comments to the permanent standard
The Virginia Department of Health (VDH) would prefer for the standard to require adherence to current VDH/Centers for Disease Control and Prevention (CDC) standards instead of stating particular VDH/CDC guidance that should be followed in writing. This would allow the standard to remain up-to-date with current recommendations without having to employ workarounds such as going through the revision process or developing FAQs to address updates.
In the purpose, scope, and applicability section, subsection E2b should state "The type of hazards encountered, including exposure to respiratory droplets and potential exposure to the airborne transmission of SARS-CoV-2 virus..." as SARS-CoV-2 is primarily transmitted through respiratory droplets (Reference: https://www.cdc.gov/coronavirus/2019-ncov/hcp/non-us-settings/overview/index.html#:~:text=COVID%2D19%20is%20primarily%20transmitted,sneezes%2C%20coughs%2C%20or%20talks).
In the definitions section, for the "community transmission" definition, #2 should read "Minimal to moderate” where there is sustained community transmission..." (Reference: https://www.cdc.gov/coronavirus/2019-ncov/community/community-mitigation.html).
The definition for "duration and frequency of employee exposure" should read (in part): "An example of an acute SARS-CoV-2 virus or COVID-19 disease situation may be an unmasked customer, patient, or other person coughing or sneezing directly into the face of an employee."
The definition for "high exposure risk hazards or job tasks" lists as an example contact tracer services. Contact tracing is not per se healthcare delivery. For VDH local health departments, this is confusing for staff and does not match the actual risk. Contact tracing would best be listed in medium (if performed on-site at the local health department) or low (if performed remotely). Also of note, contact tracing is listed in both the high risk and medium risk definitions. Recommend removing it from the high risk cateogry and leaving it in the medium or low risk category definition.
The "lower exposure risk hazards or job tasks" definition should read (in part): "Employees in this category have minimal occupational contact with other employees, other persons, or the general public, such as in an office building setting; or are able to achieve minimal occupational contact to SARS-CoV-2 through the implementation of engineering, administrative and work practice controls." Further, the definition includes reference to employee use of face coverings for contact inside of six feet of coworkers, customers, or other persons. As the face coverings language is found in the definitions section, it may not be clear to employers that this is a mandatory requirement of the ETS. VDH recommends moving this face covering requirement from the definitions section of the ETS to the “Mandatory requirements for all employers” section or, alternatively, a new ETS section entitled “Requirements for hazards or job tasks classified as lower risk exposure.”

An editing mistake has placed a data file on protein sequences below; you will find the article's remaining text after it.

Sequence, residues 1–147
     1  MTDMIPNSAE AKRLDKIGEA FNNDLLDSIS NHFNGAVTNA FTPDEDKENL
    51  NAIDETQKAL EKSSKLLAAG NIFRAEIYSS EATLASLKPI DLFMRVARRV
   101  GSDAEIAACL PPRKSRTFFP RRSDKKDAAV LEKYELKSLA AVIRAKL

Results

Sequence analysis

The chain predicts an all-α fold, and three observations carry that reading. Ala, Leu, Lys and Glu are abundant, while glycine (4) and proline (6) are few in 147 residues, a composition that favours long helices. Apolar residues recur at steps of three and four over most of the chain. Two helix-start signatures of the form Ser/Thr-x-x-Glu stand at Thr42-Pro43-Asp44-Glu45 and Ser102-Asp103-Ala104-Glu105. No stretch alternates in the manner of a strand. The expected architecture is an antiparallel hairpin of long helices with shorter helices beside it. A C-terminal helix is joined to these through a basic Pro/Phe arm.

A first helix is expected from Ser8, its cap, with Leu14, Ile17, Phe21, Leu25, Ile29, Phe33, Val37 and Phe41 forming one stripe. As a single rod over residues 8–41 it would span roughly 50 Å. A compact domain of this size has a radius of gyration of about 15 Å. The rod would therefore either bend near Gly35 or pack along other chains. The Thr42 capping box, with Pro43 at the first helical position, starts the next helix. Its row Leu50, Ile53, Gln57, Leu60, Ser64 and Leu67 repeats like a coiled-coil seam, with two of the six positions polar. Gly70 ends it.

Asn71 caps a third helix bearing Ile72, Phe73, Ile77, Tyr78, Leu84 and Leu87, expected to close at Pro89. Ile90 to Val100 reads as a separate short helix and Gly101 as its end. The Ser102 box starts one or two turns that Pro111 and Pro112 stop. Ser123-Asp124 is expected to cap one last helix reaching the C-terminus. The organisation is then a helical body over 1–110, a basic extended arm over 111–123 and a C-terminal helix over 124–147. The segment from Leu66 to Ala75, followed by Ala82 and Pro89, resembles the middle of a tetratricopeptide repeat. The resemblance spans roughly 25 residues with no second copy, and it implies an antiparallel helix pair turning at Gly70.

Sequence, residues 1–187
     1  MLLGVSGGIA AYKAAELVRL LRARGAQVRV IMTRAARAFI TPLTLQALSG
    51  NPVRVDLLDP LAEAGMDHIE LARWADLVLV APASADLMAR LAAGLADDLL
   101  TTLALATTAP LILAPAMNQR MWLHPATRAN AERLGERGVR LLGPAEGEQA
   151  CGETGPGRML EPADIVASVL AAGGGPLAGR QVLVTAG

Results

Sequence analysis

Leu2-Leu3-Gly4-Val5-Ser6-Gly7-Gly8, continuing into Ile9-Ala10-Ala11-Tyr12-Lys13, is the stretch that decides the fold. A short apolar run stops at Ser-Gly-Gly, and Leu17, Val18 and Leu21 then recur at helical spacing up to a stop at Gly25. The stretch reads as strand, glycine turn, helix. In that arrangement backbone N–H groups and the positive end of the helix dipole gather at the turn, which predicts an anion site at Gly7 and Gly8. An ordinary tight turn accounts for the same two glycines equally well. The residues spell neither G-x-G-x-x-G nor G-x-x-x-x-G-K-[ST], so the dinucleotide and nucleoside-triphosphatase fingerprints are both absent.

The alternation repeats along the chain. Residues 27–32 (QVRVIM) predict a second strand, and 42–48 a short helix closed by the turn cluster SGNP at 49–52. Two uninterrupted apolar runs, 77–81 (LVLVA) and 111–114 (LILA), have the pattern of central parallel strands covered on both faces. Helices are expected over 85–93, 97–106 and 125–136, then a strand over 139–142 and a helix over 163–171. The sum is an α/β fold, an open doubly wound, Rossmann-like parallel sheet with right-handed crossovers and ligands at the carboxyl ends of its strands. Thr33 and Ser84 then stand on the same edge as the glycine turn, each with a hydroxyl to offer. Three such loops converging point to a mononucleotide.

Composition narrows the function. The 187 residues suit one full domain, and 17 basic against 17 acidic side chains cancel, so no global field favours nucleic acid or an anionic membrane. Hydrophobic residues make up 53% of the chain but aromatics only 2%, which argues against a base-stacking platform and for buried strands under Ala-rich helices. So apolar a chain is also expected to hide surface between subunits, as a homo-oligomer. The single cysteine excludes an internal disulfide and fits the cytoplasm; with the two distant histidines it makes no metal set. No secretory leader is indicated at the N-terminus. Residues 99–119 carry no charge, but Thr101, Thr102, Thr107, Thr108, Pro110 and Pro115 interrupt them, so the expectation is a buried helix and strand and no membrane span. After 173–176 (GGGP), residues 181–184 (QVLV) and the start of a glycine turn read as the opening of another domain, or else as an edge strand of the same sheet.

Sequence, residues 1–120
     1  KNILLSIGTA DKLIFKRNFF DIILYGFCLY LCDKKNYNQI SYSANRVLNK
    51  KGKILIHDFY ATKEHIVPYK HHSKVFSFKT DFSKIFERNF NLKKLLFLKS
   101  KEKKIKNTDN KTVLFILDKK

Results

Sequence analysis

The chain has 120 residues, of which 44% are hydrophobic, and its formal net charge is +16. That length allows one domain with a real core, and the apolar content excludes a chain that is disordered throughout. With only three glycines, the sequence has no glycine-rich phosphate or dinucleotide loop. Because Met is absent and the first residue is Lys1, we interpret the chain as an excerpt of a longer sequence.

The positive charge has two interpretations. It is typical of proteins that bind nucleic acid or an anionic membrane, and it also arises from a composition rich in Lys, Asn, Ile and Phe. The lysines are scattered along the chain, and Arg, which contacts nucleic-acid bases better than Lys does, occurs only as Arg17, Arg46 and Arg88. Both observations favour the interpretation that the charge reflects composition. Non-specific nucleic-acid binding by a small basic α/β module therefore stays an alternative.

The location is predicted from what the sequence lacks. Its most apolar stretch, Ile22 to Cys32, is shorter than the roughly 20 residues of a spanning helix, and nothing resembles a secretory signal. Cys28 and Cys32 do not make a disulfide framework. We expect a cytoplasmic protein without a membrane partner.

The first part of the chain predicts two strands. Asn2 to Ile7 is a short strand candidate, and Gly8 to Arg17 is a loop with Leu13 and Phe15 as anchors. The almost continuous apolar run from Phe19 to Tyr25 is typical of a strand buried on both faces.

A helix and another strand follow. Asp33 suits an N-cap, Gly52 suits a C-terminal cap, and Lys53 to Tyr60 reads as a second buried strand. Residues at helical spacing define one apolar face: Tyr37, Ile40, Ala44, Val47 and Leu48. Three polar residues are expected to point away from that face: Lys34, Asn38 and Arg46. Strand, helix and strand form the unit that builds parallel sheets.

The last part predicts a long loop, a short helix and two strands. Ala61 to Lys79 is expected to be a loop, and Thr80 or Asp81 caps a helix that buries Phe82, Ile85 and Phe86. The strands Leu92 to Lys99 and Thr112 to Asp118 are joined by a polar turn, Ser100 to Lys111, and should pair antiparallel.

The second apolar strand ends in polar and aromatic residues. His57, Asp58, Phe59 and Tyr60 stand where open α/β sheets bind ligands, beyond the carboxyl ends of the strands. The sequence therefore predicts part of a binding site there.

The face covering definition should read (in part): "A face covering is not intended to protect the wearer, but it may reduce the spread of virus from the wearer to others. A face covering is not a surgical/medical procedure mask or respirator."
The face shield definition should read: "Face shield means a form of personal protective equipment made of transparent, impermeable materials primarily used for eye protection from droplets or splashes for the person wearing it. A face shield is not a substitute for a face covering, surgical/medical procedure mask or respirator." (Reference: https://www.cdc.gov/coronavirus/2019-ncov/prevent-getting-sick/cloth-face-cover-guidance.html).
The definition of "may be infected with SARS-CoV-2 virus" should remove the language "and not currently vaccinated against the SARS-CoV-2 virus," as with the projected population-level efficacy of COVID-19 vaccine to be 40-70%, we cannot definitively state that someone vaccinated will not subsequently be free from infection.
The personal protective equipment definition should read (in part): "Personal protective equipment may include, but is not limited to, items such as gloves, safety glasses, goggles, shoes, earplugs or muffs, hard hats, respirators, surgical/medical procedure masks, impermeable gowns or coveralls, face shields, vests, and full body suits."
The physical distancing definition should read (in part): "Physical distancing,' also called 'social distancing,' means keeping space between yourself and other persons while conducting work-related activities inside and outside of the physical establishment by staying, for purposes of this Standard, at least six feet from other persons."
The definition of SARS-CoV-2 should read: "SARS-CoV-2 means the novel virus that causes coronavirus disease 2019, or COVID-19. Coronaviruses are named for the crown-like spikes on their surfaces."
The signs of COVID-19 definition should read: "Signs of COVID-19 are abnormalities that can be objectively observed, and may include fever, trouble breathing or shortness of breath, cough, new confusion, vomiting, bluish lips or face, etc."
The surgical/medical procedure mask should read (in part): "A surgical/medical procedure mask has a looser fitting face seal than a tight-fitting respirator."
A definition for symptoms of COVID-19 should be added that reads: "Symptoms of COVID-19” are abnormalities that are subjective to the person and not observable to others, and may include chills, fatigue, muscle or body aches, headache, new loss of taste or smell, sore throat, nausea, congestion or runny nose, diarrhea, etc."
The definition of symptomatic should read: "Symptomatic means a person who is experiencing signs and/or symptoms similar to those attributed to COVID-19. A person may become symptomatic 2 to 14 days after exposure to the SARS-CoV-2 virus."